Speaking of jobs, it is important to discuss the distributor side. The distributor side is a lot less user-friendly, which will make possession a little more difficult but still obtainable. To obtain a license to dispense one must be a resident of Oklahoma, be roughly 25 years old and be registered to conduct business in the state of Oklahoma. This is a very small view of the dispensary license side, and as I have said, I will provide the link to the bill at the end of this article.

Another big question about this bill is where is all the tax revenue going to go? Is any of it going to be contributing to the community?

For all sales, there will be a state 7 percent sales tax. This will be collected at the point of sale. The gross tax will primarily be used to fund the regulatory office.

I agree this is gross, but I promise there is more to it. Seventy-five percent goes towards education in our state.


Considering we have practically no budget for education in the first place, this extreme increase is a very needed change. I grew up in a failing education system, and our students deserve better. Another 25 percent will go towards drug and alcohol rehabilitation services.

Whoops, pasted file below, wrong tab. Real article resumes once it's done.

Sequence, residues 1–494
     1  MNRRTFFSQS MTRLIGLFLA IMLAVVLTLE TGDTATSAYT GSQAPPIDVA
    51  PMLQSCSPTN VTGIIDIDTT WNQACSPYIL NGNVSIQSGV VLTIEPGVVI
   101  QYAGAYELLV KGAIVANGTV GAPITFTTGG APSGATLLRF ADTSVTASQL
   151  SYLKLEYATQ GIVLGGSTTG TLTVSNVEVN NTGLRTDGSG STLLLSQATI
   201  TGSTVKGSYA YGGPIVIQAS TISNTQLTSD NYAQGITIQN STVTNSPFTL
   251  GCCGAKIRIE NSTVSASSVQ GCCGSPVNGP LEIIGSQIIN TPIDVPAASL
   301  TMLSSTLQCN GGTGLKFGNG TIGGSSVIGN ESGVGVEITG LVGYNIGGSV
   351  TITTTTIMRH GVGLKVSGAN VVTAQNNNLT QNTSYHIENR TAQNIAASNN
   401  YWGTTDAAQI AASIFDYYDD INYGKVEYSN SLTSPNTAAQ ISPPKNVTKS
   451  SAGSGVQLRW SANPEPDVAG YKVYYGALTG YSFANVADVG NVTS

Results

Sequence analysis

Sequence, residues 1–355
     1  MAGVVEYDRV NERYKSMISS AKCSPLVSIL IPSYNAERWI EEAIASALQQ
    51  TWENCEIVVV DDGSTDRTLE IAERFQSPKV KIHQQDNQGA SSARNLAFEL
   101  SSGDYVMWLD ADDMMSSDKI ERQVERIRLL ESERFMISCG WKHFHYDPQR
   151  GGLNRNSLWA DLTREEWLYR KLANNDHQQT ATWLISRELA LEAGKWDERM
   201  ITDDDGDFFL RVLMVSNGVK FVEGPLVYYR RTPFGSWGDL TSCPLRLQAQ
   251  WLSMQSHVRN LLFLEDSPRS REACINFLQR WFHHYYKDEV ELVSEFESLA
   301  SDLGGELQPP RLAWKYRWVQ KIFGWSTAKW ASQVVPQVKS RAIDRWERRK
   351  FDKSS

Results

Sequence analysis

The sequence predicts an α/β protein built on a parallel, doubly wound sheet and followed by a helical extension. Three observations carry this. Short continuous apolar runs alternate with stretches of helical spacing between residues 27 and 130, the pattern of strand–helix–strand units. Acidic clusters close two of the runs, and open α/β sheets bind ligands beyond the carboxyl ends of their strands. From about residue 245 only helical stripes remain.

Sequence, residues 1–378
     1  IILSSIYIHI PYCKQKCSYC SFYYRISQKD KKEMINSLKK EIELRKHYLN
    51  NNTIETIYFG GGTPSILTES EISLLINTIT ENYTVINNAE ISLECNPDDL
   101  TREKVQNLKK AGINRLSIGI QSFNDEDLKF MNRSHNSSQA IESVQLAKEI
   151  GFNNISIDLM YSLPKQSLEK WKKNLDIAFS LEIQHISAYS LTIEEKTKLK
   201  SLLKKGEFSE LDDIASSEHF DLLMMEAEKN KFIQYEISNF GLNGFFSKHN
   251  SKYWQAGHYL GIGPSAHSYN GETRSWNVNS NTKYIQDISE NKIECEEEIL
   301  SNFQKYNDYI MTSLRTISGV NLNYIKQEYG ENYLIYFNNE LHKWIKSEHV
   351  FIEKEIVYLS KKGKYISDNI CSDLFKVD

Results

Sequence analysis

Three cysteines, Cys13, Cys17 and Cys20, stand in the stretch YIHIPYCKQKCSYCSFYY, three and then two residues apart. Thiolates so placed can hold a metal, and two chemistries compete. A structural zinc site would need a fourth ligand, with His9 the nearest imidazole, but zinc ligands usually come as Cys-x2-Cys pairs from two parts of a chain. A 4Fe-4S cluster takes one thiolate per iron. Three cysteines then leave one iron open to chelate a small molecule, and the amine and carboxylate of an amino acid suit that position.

One of the biggest problems this state has is being apart of the opioid crisis. I can not tell you how many cases I have personally seen of prescription drug abuse. This is for legal reasons, but it is ridiculous how our state government has failed its citizens to get to this point.

Our state legislator should have stepped in and stepped in and said enough is enough. Doctors should have pushed for this much sooner instead of pushing pills (Veterans Affairs is an example). Some doctors have done this, but they have also lobbied for years to make medical marijuana legal.

On June 26, we as citizens have the power to make a leap in healthcare, one our government has failed to make, one our doctors have been wanting to make for years, and one that is a long time coming.

Whether you vote yes or no, it is important to be informed.

For more information on the bill, click here.